Galaxy collision reveals missing matter
* 19:00 10 May 2007
Baby galaxies growing from the debris of a galactic traffic accident have been hiding a lot of extra matter, new observations suggest.
If so, galaxies like our own could contain vast quantities of invisible gas that outweigh their stars and other visible material – and these gas stores could represent some of the "missing" normal matter astronomers have been puzzling over.
... (T)idal dwarf galaxies should only contain a few percent of dark matter.
That is because they form when gas sprayed out in galaxy collisions clumps together under gravity. The unusual properties of dark matter make it difficult for it to clump back together after being disturbed, and simulations show that these newly formed galaxies end up containing little dark matter as a result.
The researchers say the most likely explanation is that the unseen material is mostly hydrogen gas that is only a few degrees above absolute zero. Such cold gas is very difficult to detect.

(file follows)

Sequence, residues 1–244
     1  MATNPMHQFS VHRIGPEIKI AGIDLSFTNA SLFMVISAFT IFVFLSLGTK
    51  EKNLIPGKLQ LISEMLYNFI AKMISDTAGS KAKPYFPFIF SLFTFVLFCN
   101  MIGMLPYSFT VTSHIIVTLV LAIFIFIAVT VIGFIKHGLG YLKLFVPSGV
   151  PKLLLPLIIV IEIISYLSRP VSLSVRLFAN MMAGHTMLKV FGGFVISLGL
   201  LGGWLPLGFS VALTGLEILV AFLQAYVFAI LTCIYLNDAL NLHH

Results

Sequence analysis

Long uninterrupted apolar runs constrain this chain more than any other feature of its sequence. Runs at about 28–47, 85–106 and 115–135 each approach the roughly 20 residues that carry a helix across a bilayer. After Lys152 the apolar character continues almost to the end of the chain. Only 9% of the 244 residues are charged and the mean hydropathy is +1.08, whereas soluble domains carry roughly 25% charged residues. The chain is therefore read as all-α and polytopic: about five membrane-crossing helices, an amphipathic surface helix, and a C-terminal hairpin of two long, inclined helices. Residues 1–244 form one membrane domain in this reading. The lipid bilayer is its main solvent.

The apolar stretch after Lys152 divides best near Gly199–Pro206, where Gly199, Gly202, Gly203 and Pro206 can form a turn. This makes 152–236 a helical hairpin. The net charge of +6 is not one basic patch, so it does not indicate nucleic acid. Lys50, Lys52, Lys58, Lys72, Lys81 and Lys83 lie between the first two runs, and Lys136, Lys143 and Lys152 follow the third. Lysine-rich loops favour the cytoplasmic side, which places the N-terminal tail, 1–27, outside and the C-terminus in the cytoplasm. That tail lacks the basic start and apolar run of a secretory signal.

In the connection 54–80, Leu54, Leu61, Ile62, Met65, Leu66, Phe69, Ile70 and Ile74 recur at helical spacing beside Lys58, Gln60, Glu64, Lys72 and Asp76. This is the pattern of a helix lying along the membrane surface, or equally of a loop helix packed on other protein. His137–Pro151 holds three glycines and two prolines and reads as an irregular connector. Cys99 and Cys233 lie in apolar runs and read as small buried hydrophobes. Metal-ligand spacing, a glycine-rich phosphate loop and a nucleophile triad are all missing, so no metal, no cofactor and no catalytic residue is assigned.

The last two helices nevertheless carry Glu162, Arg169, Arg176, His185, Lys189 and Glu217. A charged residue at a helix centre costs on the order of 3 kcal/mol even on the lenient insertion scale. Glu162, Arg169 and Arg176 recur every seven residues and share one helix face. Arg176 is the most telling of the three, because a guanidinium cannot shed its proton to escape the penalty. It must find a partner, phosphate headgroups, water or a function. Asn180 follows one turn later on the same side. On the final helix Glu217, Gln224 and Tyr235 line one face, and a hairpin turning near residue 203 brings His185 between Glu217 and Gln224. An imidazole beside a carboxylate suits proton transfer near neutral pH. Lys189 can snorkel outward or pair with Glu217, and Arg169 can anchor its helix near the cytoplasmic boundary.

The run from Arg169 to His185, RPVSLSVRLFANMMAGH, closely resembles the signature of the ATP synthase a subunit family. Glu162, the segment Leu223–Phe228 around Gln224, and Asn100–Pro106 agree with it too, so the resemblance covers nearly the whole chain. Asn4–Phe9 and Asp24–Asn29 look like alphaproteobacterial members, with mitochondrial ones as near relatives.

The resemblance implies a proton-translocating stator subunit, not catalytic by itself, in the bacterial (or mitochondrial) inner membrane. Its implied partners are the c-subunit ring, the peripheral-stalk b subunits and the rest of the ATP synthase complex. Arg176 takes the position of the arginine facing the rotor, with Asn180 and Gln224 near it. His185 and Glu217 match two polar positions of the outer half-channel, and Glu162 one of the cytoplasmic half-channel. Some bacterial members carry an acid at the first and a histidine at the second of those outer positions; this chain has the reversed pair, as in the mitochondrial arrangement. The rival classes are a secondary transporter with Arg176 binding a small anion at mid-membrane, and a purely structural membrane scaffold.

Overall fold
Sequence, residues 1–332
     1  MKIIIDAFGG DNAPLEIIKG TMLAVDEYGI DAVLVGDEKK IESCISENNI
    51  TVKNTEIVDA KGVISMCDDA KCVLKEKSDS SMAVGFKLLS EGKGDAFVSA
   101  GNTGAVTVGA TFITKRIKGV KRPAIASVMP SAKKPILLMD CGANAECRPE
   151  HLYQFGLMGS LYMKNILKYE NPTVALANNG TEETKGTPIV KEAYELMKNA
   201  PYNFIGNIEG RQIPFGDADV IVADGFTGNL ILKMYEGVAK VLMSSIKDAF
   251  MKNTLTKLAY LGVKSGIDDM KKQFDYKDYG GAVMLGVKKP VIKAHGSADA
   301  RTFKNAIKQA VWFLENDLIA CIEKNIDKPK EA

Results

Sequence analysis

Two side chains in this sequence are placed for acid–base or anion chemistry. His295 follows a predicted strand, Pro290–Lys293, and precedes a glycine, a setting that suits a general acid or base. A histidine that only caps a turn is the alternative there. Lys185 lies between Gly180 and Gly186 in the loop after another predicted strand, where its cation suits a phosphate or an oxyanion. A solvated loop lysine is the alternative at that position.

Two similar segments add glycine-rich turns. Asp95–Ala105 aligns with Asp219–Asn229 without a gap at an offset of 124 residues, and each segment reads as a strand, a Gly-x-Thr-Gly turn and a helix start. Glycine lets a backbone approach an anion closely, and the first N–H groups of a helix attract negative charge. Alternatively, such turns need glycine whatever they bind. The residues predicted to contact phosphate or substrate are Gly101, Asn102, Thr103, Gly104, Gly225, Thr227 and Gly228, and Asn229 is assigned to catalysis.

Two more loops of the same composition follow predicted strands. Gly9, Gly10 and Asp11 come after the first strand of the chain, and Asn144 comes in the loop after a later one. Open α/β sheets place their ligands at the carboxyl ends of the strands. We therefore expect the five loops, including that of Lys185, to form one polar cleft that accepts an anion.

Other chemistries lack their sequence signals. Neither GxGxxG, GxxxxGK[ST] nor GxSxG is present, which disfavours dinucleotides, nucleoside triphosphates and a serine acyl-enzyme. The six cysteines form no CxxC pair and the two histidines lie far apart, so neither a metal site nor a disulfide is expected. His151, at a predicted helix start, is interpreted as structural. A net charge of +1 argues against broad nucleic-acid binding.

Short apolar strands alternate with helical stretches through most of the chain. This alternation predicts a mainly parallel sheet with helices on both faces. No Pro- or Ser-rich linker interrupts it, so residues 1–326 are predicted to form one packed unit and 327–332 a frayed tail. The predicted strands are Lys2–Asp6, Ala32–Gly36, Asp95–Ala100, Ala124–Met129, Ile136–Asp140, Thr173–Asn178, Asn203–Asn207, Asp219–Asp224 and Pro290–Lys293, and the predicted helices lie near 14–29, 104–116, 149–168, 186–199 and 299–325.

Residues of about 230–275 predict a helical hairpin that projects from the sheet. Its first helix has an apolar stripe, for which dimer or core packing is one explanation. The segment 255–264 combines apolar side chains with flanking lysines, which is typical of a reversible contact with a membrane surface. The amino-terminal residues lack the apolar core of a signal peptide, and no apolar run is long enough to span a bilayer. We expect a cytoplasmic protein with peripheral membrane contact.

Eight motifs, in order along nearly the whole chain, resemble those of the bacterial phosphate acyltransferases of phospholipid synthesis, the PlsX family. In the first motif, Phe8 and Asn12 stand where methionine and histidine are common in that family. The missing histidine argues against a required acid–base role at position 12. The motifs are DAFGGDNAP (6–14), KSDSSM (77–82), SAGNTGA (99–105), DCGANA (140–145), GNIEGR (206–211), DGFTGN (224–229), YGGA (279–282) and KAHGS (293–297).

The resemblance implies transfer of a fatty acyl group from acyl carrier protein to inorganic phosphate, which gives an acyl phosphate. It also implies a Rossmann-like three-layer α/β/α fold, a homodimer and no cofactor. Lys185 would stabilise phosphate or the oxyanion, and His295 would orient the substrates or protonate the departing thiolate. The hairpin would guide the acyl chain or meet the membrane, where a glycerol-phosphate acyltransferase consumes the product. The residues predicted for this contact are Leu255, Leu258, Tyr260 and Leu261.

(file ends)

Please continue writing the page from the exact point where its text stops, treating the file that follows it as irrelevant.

The work suggests normal galaxies may contain a lot of hidden, cold gas, too, since the dwarf galaxies are just debris stolen from medium-size galaxies like the Milky Way.
"The disc of our galaxy might be two or three times more massive then we actually think it is," team member Elias Brinks of the University of Hertfordshire in Hatfield, UK, told New Scientist.
[More than meets the thermometer...]
Just wanted to share this find because, if the new theory pans out, it'll be just another example of the true nature of misunderstood reality being far simpler than anyone had ever imagined.
It does indeed happen all the time.